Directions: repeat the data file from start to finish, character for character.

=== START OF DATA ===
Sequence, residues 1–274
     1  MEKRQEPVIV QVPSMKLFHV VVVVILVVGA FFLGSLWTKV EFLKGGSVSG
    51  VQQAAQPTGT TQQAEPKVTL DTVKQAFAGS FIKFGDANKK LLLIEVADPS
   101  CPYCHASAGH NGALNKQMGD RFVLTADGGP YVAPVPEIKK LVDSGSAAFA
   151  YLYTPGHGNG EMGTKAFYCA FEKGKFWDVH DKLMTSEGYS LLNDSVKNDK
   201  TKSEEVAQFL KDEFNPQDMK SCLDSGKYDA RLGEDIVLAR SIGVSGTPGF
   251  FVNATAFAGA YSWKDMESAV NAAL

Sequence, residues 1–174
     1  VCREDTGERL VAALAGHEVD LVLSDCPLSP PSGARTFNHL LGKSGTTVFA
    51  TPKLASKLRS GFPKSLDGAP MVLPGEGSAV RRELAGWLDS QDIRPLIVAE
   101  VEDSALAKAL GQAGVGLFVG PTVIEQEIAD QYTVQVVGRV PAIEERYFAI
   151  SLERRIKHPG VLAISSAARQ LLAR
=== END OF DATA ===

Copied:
Sequence, residues 1–274
     1  MEKRQEPVIV QVPSMKLFHV VVVVILVVGA FFLGSLWTKV EFLKGGSVSG
    51  VQQAAQPTGT TQQAEPKVTL DTVKQAFAGS FIKFGDANKK LLLIEVADPS
   101  CPYCHASAGH NGALNKQMGD RFVLTADGGP YVAPVPEIKK LVDSGSAAFA
   151  YLYTPGHGNG EMGTKAFYCA FEKGKFWDVH DKLMTSEGYS LLNDSVKNDK
   201  TKSEEVAQFL KDEFNPQDMK SCLDSGKYDA RLGEDIVLAR SIGVSGTPGF
   251  FVNATAFAGA YSWKDMESAV NAAL

Sequence, residues 1–174
     1  VCREDTGERL VAALAGHEVD LVLSDCPLSP PSGARTFNHL LGKSGTTVFA
    51  TPKLASKLRS GFPKSLDGAP MVLPGEGSAV RRELAGWLDS QDIRPLIVAE
   101  VEDSALAKAL GQAGVGLFVG PTVIEQEIAD QYTVQVVGRV PAIEERYFAI
   151  SLERRIKHPG VLAISSAARQ LLAR